Blender is the open source software for 3D modeling, animation, rendering, post-production, interactive creation and playback. Available for all major operating systems under the GNU Public License.
You can download Blender free of charge on www.blender.org. On the Blender site you will also find a gallery with cool Blender art.
Oh joy! We have a new tool in Blender 1.58!
And that calls for a new tutorial :) In this one, I’ll be explaining the new skinning tool of Blender. The idea is simple: using a number of cross-sections, I will create an organic-looking cave.
Important: you need Blender 1.58 to be able to do this tutorial! If you don’t have it yet, you can download it here.
Creating the cross-sections
From the side view, add a surface curve. (This is important – ‘normal’ curves won’t work!). While still in edit mode, select one of the endpoints, and draw a cross-section of your cave using CTRL-Leftmouse. Something nice and regular will do just fine for the first cross-section.
Your screen will look something like this:
In order to be able to use the skinning tool, each cross-section of the cave must have the same number of vertices. So, I just create a bunch of duplicates of the surface-curve I just created. (Be careful to use duplication and not instantiation – use shift-D instead of alt-D).Modify each cross-section a bit – add some irregular stuff.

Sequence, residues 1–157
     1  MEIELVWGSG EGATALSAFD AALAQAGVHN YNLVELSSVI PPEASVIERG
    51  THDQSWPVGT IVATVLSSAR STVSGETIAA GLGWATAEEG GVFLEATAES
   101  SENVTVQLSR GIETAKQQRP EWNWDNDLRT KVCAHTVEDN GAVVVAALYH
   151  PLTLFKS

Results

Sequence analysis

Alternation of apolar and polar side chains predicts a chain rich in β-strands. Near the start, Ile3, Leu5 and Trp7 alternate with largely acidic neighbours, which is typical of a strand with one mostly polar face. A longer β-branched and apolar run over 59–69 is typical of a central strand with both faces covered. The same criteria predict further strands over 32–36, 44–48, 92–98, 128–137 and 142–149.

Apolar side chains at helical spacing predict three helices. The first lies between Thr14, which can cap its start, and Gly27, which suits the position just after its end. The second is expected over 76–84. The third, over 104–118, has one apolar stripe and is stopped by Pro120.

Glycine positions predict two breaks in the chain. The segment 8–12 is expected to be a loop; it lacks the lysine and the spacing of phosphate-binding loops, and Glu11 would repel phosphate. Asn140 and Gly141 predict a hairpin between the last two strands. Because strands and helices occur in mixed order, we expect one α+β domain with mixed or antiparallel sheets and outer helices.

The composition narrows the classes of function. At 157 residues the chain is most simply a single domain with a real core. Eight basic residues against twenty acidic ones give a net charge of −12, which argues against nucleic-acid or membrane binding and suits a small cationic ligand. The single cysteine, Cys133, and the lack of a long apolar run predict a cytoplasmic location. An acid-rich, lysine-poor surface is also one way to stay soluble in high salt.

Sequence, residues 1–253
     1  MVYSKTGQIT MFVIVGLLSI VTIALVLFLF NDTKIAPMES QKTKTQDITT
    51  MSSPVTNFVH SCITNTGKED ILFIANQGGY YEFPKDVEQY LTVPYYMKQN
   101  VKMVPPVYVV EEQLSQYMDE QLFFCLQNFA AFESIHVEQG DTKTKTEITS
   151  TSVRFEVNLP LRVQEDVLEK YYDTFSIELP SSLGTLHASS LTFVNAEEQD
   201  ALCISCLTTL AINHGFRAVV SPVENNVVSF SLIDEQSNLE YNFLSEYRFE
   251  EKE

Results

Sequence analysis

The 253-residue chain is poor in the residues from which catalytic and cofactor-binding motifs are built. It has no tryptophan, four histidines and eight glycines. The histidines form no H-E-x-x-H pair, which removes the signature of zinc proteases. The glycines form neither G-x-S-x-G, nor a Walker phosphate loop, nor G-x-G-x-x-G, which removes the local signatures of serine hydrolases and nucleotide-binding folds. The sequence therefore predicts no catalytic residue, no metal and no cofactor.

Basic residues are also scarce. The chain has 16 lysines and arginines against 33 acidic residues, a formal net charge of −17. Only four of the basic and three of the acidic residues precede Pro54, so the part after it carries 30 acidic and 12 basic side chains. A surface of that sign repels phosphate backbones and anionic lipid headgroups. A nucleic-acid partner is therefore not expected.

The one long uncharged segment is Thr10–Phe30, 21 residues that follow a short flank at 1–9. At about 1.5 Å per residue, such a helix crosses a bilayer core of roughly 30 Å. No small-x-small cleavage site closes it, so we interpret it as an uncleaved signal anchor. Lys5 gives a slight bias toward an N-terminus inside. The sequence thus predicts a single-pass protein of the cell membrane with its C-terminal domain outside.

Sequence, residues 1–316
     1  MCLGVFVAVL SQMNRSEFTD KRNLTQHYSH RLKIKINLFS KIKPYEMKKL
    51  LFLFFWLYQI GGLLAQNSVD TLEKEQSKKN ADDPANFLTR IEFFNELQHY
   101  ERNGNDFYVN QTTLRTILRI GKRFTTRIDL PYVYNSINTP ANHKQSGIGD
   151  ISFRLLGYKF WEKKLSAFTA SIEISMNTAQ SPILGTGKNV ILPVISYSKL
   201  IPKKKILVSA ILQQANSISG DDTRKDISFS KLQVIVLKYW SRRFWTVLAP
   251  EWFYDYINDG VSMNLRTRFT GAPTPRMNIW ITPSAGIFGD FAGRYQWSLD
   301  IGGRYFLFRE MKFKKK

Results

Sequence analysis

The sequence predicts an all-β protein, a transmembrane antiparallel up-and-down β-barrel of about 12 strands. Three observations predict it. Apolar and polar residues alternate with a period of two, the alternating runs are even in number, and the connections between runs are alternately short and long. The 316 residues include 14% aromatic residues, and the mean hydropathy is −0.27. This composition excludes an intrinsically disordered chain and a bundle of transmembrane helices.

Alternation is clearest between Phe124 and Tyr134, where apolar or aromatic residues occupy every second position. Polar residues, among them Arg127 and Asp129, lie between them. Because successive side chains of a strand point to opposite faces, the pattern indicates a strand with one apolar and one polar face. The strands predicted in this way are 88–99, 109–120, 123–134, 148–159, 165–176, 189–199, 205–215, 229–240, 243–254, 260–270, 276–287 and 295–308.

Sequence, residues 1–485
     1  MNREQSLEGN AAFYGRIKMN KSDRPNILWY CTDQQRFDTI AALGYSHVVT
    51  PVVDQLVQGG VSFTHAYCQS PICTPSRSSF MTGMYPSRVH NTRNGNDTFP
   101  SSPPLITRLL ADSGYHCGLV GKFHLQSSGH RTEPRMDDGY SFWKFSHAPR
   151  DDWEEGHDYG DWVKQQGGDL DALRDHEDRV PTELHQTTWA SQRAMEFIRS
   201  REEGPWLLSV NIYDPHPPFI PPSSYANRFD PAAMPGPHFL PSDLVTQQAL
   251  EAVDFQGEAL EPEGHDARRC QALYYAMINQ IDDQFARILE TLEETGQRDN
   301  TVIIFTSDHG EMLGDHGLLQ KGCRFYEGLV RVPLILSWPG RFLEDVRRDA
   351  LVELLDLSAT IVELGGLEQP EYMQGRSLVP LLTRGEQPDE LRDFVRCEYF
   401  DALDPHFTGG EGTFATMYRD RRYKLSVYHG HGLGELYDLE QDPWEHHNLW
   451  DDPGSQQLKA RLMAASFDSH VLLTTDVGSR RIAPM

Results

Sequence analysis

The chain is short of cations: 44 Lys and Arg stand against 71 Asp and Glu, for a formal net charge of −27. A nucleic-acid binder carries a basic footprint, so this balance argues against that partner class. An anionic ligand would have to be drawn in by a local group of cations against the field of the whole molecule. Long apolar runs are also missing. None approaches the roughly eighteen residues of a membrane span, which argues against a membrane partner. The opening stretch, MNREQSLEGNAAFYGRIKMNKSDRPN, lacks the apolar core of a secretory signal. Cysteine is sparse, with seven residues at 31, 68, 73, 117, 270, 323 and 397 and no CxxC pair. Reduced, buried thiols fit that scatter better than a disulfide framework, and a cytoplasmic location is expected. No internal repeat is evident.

Now, switch to top view, and place the cross-sections behind each other. I have sometimes placed the slices closer to eachother to enable sharp ridges to occur.When you want more cross-sections, you can always duplicate existing sections and place them somewhere else.
To create a nice, rounded entrance to the cave, duplicate the first cross-section and enlarge it a bit:
Before you can skin the curves, they need to be joined into a single object. Select them all (BKEY) and hit CTRL-J (Join). Confirm the question ‘Join Selected NURBS?’.Enter editmode, select all vertices (AKEY) and hit F.
That’s really all there is to it. Now, to create a nice, alien-looking texture, you don’t need any imagemaps at all. Just play around with multiple layers of texturemaps. Use 1 texture for a bumpmap, one for a coarse texture (greenish), one for a fine, rust-brown texture and one for specularity mapping. Just take a look at the .blend file at the bottom of the page for the exact settings.Before rendering, you can crank up the resulution of your NURBS surface by selecting the cave, entering edit mode and changing the NURBS resulution sliders:
Finally, place some good, atmospheric lights. In this case, I used a yellow light, a red light and a blue light with limited ranges.
The .blend file from this tutorial, is available here.